Chris Cassidy and Karen Nyberg pose at the windows of the cupola with HTV-4 visible in the background, shortly before initial capture. Photo Credit: NASA

On a more basic level of necessity, clothes, dried food, snacks, and beverages for the ISS crew, including 480 liters of water, will be aboard. Additionally, the Advanced Technology On-Orbit Test Instrument for Space Environment-mini (ATOTIE-mini) will fly for the first time to evaluate changes in surface potential of HTV-4 before and after berthing at the space station and if this potentially affects spacewalkers. The spacecraft will be loaded with trash at the end of its mission and will be unberthed on 5 September and deorbited two days later.

First flown in September 2009, the HTV measures over 30 feet long and 14 feet in diameter, weighs about 21,000 pounds, and can carry 13,000 pounds of payload to the space station. Its pressurized segment can house up to eight refrigerator-sized International Standard Payload Racks (ISPRs), which are transferred in a shirt-sleeve environment by the ISS crew, whilst an unpressurized segment enables external payloads to be robotically removed and installed onto the porch-like Exposed Facility of Japan’s Kibo laboratory. Like SpaceX’s Dragon, the HTV approaches the ISS and is captured and berthed to the Harmony node by means of the Canadarm2 robotic arm.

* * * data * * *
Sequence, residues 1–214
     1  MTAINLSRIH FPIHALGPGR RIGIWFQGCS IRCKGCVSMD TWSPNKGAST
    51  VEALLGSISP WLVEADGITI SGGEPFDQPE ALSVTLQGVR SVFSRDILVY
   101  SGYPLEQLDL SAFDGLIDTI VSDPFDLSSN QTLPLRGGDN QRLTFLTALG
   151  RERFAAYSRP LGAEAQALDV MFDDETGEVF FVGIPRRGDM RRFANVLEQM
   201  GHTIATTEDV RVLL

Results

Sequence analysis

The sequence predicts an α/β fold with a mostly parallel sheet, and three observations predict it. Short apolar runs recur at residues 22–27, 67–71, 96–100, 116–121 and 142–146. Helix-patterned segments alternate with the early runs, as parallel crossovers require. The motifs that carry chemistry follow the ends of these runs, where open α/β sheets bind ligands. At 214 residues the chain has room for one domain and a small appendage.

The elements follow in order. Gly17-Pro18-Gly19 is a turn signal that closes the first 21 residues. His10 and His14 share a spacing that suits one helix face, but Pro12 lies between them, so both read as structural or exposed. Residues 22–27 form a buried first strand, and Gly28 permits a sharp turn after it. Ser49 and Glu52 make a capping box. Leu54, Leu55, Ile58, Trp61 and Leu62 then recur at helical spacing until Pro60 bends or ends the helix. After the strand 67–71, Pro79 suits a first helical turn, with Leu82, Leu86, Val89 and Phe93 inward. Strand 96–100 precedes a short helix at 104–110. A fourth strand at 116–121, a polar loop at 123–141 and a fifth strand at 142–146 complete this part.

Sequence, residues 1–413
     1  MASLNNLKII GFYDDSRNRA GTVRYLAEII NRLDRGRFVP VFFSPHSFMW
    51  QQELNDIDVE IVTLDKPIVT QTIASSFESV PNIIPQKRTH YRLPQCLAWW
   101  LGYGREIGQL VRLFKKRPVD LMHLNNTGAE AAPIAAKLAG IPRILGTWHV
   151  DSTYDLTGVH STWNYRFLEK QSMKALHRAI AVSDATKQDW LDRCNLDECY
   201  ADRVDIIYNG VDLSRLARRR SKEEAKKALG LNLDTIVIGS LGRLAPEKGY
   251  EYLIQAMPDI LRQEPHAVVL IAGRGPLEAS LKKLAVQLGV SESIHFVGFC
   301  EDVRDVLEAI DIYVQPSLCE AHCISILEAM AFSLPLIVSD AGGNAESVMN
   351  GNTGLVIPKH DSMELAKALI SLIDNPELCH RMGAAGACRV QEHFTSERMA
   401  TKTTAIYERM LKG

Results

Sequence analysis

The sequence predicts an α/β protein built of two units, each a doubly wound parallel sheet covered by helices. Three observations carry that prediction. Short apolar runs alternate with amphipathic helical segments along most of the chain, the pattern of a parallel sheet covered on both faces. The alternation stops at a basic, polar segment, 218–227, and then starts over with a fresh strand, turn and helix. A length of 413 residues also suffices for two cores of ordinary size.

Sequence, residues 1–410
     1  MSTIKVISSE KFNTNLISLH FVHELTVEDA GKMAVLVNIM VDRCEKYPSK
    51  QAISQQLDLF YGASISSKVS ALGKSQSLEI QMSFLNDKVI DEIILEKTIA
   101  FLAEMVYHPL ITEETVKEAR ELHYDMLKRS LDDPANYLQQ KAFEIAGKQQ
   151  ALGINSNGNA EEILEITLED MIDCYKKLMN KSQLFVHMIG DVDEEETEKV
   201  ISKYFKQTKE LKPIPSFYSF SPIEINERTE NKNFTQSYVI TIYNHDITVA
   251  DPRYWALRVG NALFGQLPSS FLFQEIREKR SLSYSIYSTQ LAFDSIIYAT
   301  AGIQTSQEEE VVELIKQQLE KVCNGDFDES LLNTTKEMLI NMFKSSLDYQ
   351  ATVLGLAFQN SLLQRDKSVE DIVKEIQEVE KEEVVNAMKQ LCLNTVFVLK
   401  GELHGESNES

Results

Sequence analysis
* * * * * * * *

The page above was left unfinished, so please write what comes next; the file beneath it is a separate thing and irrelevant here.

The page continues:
Unlike Dragon, the Japanese craft burns up in the atmosphere at the end of each mission, although JAXA has advanced plans for a HTV-R variant, with a “return” capsule to transport around 3,200 pounds of payload back to Earth. The first flight of the HTV-R is tentatively scheduled for 2018. Since its maiden voyage, a HTV mission has flown approximately every 12-18 months, delivering a wide range of payloads and experiments to the ISS, including the Hyperspectral Imager for the Coastal Ocean (HICO) instrument, a high-tech aquarium capable of supporting several generations of fish for up to three months, a Gradient Heating Furnace, and a number of small CubeSats.